Skype for Business on Mac Nears Completion

 
 
By Pedro Hernandez  |  Posted 2016-07-06 Print this article Print
 
 
 
 
 
 
 
Microsoft Skype for Business

The wait's almost over. Skype for Business on the Mac (formerly Skype) is starting to close the features gap with the its Windows counterpart.

Microsoft has added new features to its Skype for Business Mac Preview this week, bringing it a couple of big steps closer to parity with the Windows-based version of the enterprise communications software.

In April, a year after replacing Lync with Skype for Business on Windows, the software maker kicked off a phased preview of the software for Mac PCs (OS X El Capitan and above) with limited functionality. Early testers could view scheduled Skype meetings in Outlook and join them by clicking the pertinent calendar item. Given the narrow scope of the first phase's capabilities, Microsoft recommended that users keep running Lync for Mac 2011 for continued access to the platform's voice and messaging features.

Now, ahead of its anticipated official release later this year, Microsoft is further pulling back the curtain on what the full experience has to offer.

Two key components, contacts and presence, now work in the preview, Paul Cannon, senior product marketing manager for Microsoft Skype for Business, said in a July 5 blog post. "See whether a contact is offline or online, whether they're busy, in a meeting or available, and easily start an IM conversation," he wrote.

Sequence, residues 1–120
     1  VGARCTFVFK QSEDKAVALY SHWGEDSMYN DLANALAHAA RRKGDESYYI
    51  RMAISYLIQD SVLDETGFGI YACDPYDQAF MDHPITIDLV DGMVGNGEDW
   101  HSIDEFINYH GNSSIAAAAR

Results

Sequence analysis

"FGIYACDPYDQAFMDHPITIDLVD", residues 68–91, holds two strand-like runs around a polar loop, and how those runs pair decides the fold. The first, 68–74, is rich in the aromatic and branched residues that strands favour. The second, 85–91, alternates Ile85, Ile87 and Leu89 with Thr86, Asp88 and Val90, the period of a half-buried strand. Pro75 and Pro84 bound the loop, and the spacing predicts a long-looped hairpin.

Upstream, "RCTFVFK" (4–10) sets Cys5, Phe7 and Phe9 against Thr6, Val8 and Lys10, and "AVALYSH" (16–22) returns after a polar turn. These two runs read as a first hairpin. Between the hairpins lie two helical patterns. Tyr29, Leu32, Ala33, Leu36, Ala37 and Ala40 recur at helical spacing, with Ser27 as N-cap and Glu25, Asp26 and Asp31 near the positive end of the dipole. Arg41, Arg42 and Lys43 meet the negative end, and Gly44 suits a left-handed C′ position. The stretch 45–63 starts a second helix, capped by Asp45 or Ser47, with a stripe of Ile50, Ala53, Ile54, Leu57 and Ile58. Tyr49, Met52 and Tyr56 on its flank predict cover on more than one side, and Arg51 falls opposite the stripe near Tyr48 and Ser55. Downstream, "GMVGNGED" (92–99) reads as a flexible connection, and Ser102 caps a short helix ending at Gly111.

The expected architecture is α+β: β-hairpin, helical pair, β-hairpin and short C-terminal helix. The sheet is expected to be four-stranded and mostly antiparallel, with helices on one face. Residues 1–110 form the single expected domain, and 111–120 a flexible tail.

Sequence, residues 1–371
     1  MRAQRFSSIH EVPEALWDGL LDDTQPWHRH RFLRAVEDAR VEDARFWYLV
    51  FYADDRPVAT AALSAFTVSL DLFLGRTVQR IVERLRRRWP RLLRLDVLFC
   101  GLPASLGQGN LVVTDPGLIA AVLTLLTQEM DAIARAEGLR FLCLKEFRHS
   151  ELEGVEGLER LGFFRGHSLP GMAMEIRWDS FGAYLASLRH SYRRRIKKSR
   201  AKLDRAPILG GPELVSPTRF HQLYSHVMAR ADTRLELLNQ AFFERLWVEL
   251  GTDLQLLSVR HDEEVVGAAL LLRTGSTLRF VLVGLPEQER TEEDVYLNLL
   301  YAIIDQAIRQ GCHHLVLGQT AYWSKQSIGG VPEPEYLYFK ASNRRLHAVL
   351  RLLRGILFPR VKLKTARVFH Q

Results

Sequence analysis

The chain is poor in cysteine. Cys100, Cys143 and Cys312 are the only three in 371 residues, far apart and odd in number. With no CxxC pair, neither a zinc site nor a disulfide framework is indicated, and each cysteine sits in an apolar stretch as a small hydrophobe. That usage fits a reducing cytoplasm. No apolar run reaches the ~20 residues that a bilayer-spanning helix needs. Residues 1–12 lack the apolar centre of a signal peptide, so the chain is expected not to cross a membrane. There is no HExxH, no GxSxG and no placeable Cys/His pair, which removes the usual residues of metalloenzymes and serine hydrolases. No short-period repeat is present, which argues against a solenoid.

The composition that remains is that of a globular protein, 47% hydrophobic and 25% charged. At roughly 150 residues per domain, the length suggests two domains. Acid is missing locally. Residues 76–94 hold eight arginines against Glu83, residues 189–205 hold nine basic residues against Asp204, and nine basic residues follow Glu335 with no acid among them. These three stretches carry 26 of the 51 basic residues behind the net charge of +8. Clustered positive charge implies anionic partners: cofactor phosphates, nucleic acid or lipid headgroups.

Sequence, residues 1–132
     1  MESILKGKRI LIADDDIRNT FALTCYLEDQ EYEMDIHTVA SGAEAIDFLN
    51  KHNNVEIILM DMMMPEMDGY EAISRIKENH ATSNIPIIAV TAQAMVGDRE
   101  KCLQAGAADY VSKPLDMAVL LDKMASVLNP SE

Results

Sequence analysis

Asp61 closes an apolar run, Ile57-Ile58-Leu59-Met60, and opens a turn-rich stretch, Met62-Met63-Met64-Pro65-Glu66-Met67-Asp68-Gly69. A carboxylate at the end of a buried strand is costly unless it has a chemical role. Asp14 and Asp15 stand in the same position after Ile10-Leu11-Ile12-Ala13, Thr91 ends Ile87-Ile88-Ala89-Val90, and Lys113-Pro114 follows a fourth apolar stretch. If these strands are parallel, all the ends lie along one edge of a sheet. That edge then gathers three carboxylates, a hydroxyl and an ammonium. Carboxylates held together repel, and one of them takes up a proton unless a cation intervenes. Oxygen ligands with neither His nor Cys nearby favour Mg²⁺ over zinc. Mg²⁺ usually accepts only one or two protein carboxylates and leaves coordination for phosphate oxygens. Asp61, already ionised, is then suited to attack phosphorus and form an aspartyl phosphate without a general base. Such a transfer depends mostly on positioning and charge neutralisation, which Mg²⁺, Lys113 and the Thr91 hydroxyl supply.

Group video calling with up to four participants has been enabled, along with peer-to-peer calls with other Skype for Business contacts using voice over IP (VOIP). Finally, conversation histories are now available, allowing users to view a list of past conversations and restart them at their leisure.

The third and final phase of preview is due sometime this summer, added Cannon. It will flesh out the software's voice communications features, including the ability to dial traditional phone numbers.

While many Lync for Mac users are undoubtedly looking forward to the update to their aging communications software suite, Cannon had some bad news for those who waited until Microsoft made more progress before registering for the beta program. In short, they missed their chance.

"There has been tremendous interest in the preview, with over 22,000 individuals, representing more than 7,000 organizations, signing up since it opened on April 26," he wrote. "We are now at capacity for the number of preview participants and are no longer accepting registrations."

Microsoft has been active on the Skype front this week.

On July 5, Microsoft launched its free Web-based Skype Meetings service for small businesses. The product is available to anyone in the United States with a business email address and whose organization is not currently paying for an Office 365 subscription.

Users can conduct virtual meetings with up to 10 attendees, a number that drops to three users after a 60-day trial period expires. Skype Meetings supports HD video, screen sharing, instant messaging and PowerPoint presentations.

Also this week, Microsoft announced new file-sharing enhancements for the consumer Skype apps. Users can now trade photos, videos and documents of up to 300MB between friends and groups, announced the company, complete with offline support and the ability to collect a file on multiple devices.

 
 
 
 
 
 
 
 
 
 
 
 
 

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